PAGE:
Published on August 31, 2020 / Leer en español

On June 22, 2020, the Puerto Rico Electric Power Authority (“PREPA”) and the Puerto Rico Public-Private Partnerships Authority (the “P3A” or “Administrator”) entered into an agreement for the Operation and Maintenance (“O&M” Agreement) of PREPA’s Transmission and Distribution System (“T&D System”) with LUMA Energy, LLC, (“ManagementCo”) and LUMA Energy Servco, LLC (“ServCo”, and together with ManagementCo, the “Operator”).

The Operator, in turn, is a consortium formed by ATCO Ltd., a Canadian operator of electric systems, and Quanta Services, Inc., a Texas-based provider of “infrastructure solutions” for the electric power industry.

Recently, CNE published a report that analyzes important aspects of this transaction and offers specific recommendations to improve it.


The O&M Agreement grants the Operator the right to operate and manage PREPA’s T&D System for fifteen years, while PREPA retains the ownership of the T&D System. In consideration for managing the T&D System in accordance with O&M Agreement, the Operator is entitled to receive a Service Fee consisting of:

(1) An Annual Fixed Fee that starts at $70 million on year 1 and increases to $105 million for each of years 4 through 15, and

(2) An Incentive Fee that is payable upon the Operator achieving certain performance benchmarks. This Incentive Fee starts at $13 million on year 1 and increases up to $20 million for each of years 4 through 15.

In both cases, the amounts payable on account of the Fixed Fee and the Incentive Fee, if any, will be adjusted for inflation. The agreement also includes a “Front-End Transition Period” and a “Back-End Transition Period” for which the fees are different from the Service Fee stated above.

We summarize below some aspects of the agreement that in our opinion raise important concerns, as well as CNE’s recommendations on how to approach them.

PREPA’s Reorganization

PREPA will be split into two operating companies: GridCo, which retains ownership of the T&D system and GenCo, which retains ownership of the generation assets. Both are required to enter into a power purchase and operating agreement (the “GridCo-GenCo PPOA”) with the Operator acting as an agent of GridCo, providing for expense reimbursement, power delivery and other services related to the generation, sale, and purchase of power and electricity from PREPA’s generation assets.

Now, the notion that two PREPA subsidiaries will enter into a bonafide, arm’s length agreement is frankly naïve, not to say outright preposterous, and in our opinion raises some serious concerns.

First, under the proposed terms for the GridCo-GenCo PPOA, GenCo will be responsible for procuring fuel for GenCo,’s generation units but it will be GridCo who “shall pay for all fuel purchases after GenCo certifies receipt and quality, and authorizes payment.” Furthermore, pursuant to Section 2.5 of Exhibit H to the O&M Agreement, “GridCo shall have no obligation to verify any invoice submitted by GenCo.” The failure to require even a minimum amount of due diligence from GridCo prior to paying any invoice, including fuel invoices, is baffling to us, given the nefarious history of PREPA’s fuel procurement practices. The PPOA should require such diligence from GridCo, even if it is minimal.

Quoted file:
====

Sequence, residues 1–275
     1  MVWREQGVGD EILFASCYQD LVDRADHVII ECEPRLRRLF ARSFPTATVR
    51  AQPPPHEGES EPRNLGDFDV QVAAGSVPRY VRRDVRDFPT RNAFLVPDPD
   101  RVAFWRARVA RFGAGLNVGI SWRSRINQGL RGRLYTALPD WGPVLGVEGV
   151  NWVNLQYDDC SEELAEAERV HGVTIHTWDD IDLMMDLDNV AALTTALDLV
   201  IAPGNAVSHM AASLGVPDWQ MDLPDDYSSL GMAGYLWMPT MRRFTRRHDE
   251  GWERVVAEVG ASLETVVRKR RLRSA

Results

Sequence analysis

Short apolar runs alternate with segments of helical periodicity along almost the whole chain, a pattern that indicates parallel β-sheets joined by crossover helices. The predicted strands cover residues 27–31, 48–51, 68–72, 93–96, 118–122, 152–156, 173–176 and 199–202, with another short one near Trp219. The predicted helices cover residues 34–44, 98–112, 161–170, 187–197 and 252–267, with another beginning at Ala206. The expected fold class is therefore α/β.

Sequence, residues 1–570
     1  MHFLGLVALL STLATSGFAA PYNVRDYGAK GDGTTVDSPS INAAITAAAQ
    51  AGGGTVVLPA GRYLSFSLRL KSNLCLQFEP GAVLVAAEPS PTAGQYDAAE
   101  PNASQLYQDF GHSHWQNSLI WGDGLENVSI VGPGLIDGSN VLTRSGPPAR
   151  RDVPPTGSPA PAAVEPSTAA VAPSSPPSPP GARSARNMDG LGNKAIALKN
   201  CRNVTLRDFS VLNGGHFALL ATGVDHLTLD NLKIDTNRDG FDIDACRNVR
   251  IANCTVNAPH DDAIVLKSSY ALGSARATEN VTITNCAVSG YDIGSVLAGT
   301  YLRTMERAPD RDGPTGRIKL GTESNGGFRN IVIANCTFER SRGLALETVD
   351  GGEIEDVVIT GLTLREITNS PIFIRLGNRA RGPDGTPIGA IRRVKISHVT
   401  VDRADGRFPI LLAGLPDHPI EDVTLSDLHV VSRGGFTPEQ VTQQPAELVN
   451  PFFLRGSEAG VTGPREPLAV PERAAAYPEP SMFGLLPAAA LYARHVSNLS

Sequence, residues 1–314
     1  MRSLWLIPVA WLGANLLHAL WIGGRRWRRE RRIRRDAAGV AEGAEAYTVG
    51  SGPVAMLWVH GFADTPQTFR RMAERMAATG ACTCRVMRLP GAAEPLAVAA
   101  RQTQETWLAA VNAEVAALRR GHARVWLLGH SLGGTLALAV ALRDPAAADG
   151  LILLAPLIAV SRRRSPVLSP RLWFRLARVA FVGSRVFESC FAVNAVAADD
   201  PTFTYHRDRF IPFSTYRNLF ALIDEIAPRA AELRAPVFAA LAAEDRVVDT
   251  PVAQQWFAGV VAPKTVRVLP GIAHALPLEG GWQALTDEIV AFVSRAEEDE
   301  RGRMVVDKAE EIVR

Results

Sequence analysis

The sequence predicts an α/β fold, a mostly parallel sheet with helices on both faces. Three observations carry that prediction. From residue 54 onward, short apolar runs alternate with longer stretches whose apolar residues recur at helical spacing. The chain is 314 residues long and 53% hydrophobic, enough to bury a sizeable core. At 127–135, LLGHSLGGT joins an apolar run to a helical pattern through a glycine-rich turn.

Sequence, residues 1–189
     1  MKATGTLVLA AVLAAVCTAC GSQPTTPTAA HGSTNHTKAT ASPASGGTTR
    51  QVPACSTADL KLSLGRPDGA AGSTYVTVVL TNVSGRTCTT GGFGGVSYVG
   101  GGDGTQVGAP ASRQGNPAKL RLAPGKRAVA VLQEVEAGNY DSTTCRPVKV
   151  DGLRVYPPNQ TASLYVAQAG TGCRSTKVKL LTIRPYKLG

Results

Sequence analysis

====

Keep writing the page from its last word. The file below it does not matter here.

Second, the terms and conditions of the proposed PPOA will govern GridCo’s purchases of energy generated by GenCo. And while Section 3.1 of Exhibit H states that “if the cost of the Energy from the Generating Facilities becomes more costly on an incremental basis than other sources available to GridCo, the output from the Generating Facilities shall be reduced to zero, if GridCo so requests…”, but the concept of “costs” for this analysis are not defined. It is important then that the final PPOA include a detailed definition of “costs” attributable to the generation of electricity to minimize consumer rates and avoid the cross-subsidization of GenCo’s inefficient generation units by GridCo.

Power Supply Dispatch and Management

The O&M Agreement requires the Operator to use “economic dispatch” to run the T&D System, but that term is ambiguously defined. The combination of an ambiguous definition of “economic dispatch” and an oligopolistic market structure means that strategic interactions among and between market players, including price-fixing via market signals, could take place and result in rent-seeking behavior and the extraction of rents.

Therefore, the Puerto Rico Energy Bureau (“PREB”) should clarify, by regulation if necessary, the meaning of “economic dispatch” in the Puerto Rico power market, and develop a process to investigate allegations of price-fixing or market collusion.


To receive payment of the annual Incentive Fee, the Operator has to achieve certain performance benchmarks. But a significant number of the benchmarks has not been determined yet and are subject to further negotiation among the parties. In addition, almost all of the benchmarks are set against PREPA’s prior performance, which sets the bar too low to justify the transaction.

In our opinion, the performance metrics should be developed in consultation with the PREB and the P3A using best practices and benchmarks from similarly situated utilities.


In the final analysis, we cannot advocate in favor of maintaining this utterly corrupt, environmentally harmful, and economically unsustainable government-owned enterprise in charge of our power system. PREPA is, after all, quite a shambolic outfit.

Yet, while we strongly favor the thorough transformation of PREPA, the proposed O&M Agreement is critically deficient in several key areas. If that agreement cannot be corrected in a timely manner, then we can only recommend the parties return to the negotiating table. And try again.

The Spanish version of this column was originally published in El Nuevo Día on August 30, 2020.